Foxcil, a leading Sydney trade printer of labels and flexibles, is doing its bit for struggling remote communities by regularly sending out Foxcil Care Packages including pencils, pens, clothing, books and stationary items to remote schools across Australia.
The initiative was devised by Foxcil’s sales manager Miro Williams who grew up in a remote community and understands how removed many of these tiny towns can feel being so far away from metropolitan areas.
“We really wanted to show leadership around corporate responsibility and social justice, but given we are only a small manufacturing company based in Sydney, and that we don’t have lots of spare cash, we wanted to give back to the Australian community in a way that would be felt directly,” Foxcil general manager Carl Butchard says.
“Each month, staff members here at Foxcil are invited to bring to work something for a care parcel; It may be something their kids haven’t used in a while, a book, clothing, or a toy, something that may be appreciated by someone else. We hope that these items may be reused, or re loved or just enjoyed by some children and teachers in a Australia’s remote communities.
“Each month we choose a small remote school in outback Australia, usually with around 10 children or less, and only one or two teachers.”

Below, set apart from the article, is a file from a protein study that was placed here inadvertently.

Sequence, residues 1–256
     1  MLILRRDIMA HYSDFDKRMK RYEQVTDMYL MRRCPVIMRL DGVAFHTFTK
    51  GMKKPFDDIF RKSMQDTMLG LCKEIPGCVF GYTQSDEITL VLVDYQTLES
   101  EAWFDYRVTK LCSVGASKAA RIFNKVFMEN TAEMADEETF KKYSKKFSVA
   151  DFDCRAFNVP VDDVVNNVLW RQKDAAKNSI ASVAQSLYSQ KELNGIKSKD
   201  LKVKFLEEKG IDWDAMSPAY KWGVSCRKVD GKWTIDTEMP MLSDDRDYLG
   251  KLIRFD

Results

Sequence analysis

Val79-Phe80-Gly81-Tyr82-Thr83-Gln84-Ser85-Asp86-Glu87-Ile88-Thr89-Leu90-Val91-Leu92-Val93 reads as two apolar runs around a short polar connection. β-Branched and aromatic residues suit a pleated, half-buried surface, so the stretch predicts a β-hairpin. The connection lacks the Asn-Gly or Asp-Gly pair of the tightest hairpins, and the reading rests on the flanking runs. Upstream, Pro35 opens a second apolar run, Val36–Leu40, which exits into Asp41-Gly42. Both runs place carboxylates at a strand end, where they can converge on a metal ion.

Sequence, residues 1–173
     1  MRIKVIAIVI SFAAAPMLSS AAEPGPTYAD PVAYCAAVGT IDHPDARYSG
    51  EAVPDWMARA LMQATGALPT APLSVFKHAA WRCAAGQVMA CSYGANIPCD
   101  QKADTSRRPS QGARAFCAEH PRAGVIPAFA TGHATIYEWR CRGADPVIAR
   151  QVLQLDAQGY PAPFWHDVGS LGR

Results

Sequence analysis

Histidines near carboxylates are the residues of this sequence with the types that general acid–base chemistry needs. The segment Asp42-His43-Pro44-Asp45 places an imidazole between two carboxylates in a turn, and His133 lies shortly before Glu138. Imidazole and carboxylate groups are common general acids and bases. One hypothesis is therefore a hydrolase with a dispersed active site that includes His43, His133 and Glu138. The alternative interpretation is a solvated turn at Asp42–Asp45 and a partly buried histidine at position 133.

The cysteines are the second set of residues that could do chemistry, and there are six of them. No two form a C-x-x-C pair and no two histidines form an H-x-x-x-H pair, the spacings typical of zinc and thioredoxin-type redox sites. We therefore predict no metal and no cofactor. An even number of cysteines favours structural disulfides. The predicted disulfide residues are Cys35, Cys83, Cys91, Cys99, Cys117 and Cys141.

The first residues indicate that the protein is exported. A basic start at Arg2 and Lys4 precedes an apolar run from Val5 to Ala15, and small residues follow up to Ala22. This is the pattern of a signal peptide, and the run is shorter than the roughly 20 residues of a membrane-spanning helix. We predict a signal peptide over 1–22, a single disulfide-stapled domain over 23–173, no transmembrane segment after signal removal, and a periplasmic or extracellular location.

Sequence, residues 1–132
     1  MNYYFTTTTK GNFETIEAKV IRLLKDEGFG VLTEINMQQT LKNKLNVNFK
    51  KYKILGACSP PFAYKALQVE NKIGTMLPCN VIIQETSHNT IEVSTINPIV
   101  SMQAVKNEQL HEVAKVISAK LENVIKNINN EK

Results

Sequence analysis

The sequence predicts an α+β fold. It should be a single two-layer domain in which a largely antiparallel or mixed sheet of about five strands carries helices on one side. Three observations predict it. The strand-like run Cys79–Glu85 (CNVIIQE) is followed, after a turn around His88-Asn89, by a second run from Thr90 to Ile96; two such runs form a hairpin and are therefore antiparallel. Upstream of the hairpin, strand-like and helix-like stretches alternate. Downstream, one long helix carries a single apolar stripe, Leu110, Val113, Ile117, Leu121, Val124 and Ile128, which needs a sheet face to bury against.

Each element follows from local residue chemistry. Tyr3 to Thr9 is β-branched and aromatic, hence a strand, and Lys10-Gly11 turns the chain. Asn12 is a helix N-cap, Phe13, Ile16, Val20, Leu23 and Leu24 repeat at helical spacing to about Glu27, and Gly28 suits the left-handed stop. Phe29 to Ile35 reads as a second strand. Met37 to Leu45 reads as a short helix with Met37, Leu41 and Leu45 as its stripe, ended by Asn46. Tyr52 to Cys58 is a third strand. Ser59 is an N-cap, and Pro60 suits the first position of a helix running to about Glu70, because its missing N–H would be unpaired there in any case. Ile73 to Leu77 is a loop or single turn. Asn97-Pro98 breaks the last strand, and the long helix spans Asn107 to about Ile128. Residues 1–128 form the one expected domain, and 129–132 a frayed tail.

Foxcil’s prepress manager Miah Fraser, a member of the 2019 ProPrint Emerging 50, coordinates the packages and Foxcil pays for them to be shipped to locations across Australia.
“Foxcil also purchases new items for each care package, including such things as colouring pens, exercise books, stationary as well as some treats for the staff, Miah Fraser (Prepress Manager, co-ordinates all this and helps bring all the items together. Foxcil then arranges and pays to ship the parcel across Australia to the school – unannounced,” Butchard said.
“The concept is close to Miro Williams (Sales Manager) heart, who grew up in remote Australia, and under stands how removed from Australian society someone in our remote communities can feel.”
Foxcil managing director Roger Kirwan says he is very proud of the initiative of his staff.
“I am really proud of this initiative and for the guys embracing the concept. We agreed we wanted to do something tangible, and real, that will hopefully brighten someone’s day and restore some faith in human nature. What better than a random act of kindness,” Kirwan said.
“We sincerely hope that this small gesture can make someone (both teachers and students) feel less isolated, and re affirm that they all are a valued part of the Australian community.
“The program started 3 months ago and we have received thanks and gratitude from the first schools whom we have sent packages to, which has been heart-warming to all our staff.”
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